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Akama Jingu: A shrine dedicated to children and the sea

By Elizabeth Sok

Located in Yamaguchi Prefecture’s Shimonoseki City, Akama Jingu is a Shinto shrine with a unique appearance that records a key moment in Japanese history. Dedicated to children and the sea, this site is a great option as you explore the nearby Karato Market.

Emperor Antoku

Image: PIXTA/ kazukiatuko

Enshrined at Akama Jingu is the young ruler, Emperor Antoku. Almost a thousand years ago, two groups who struggled to attain dominance across Japan and the imperial court were engaged in a conflict called the Genpei War. Although it would only last about five years at the end of the 12th century, it was a significant transition in the history of the country with the victorious Minamoto clan defeating its rival, the Taira clan, bringing an end to the classical Heian period and launching the Kamakura period.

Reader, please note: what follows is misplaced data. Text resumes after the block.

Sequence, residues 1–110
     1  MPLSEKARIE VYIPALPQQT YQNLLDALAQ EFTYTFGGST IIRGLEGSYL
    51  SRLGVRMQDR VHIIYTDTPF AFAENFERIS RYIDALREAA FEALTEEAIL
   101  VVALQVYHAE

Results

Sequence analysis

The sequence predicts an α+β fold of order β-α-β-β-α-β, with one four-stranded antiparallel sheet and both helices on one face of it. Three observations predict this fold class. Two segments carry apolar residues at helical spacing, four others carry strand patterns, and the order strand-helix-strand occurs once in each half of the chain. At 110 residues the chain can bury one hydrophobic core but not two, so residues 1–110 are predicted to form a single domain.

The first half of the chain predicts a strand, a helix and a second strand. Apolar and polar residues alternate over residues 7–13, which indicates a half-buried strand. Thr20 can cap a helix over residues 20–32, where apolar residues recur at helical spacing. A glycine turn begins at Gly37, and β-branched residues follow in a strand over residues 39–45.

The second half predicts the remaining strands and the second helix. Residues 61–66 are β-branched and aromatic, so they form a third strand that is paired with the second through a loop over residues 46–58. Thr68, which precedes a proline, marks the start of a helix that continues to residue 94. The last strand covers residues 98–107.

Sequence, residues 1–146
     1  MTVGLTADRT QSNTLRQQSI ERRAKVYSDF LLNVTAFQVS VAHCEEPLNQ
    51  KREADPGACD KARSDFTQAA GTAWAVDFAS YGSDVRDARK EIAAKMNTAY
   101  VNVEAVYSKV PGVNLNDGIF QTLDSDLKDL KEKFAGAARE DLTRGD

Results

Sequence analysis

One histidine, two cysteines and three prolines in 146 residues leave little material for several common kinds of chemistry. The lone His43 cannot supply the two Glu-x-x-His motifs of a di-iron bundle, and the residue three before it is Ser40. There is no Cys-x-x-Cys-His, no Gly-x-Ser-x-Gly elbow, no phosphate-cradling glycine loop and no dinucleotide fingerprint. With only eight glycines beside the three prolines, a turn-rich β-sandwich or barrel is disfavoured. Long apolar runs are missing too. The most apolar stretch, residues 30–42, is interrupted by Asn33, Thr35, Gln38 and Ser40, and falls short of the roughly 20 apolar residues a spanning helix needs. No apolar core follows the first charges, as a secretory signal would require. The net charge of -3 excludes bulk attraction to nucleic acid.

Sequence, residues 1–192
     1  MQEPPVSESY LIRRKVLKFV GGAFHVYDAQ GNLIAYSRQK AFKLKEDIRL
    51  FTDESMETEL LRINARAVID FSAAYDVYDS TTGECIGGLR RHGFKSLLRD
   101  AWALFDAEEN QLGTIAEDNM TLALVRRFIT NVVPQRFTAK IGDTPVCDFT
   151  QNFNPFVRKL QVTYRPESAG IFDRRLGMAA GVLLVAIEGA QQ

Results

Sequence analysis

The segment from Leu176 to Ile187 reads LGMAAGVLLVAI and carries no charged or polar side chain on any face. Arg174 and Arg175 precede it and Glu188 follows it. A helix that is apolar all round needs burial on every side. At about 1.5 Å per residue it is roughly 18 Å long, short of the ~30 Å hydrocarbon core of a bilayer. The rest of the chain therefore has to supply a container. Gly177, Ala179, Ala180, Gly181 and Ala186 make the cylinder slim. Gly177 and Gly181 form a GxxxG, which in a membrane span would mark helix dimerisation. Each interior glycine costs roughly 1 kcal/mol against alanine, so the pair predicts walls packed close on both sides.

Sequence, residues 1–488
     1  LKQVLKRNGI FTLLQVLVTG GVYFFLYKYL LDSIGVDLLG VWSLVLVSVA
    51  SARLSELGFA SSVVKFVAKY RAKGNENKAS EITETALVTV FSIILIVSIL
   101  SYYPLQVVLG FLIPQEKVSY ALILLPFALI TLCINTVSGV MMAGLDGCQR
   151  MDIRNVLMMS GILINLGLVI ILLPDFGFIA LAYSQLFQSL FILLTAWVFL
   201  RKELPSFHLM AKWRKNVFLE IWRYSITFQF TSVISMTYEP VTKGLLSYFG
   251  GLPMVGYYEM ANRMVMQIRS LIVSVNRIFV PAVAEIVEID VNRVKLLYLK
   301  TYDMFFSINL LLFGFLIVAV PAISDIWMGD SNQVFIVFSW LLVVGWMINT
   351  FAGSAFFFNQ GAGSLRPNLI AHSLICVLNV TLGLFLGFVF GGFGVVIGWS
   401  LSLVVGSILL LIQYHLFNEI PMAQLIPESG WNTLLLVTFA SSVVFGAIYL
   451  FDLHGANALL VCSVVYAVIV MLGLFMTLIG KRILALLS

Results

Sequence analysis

In one of the final engagements of the war, a naval battle that took place at Shimonoseki Strait, the losing Taira brought out the six-year-old emperor to boost morale. Ultimately, the Taira lost the battle and the larger war soon after, but not before the boy’s grandmother drowned him and herself once defeat appeared to be certain to avoid capture as Minamoto forces closed in.

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© GaijinPot

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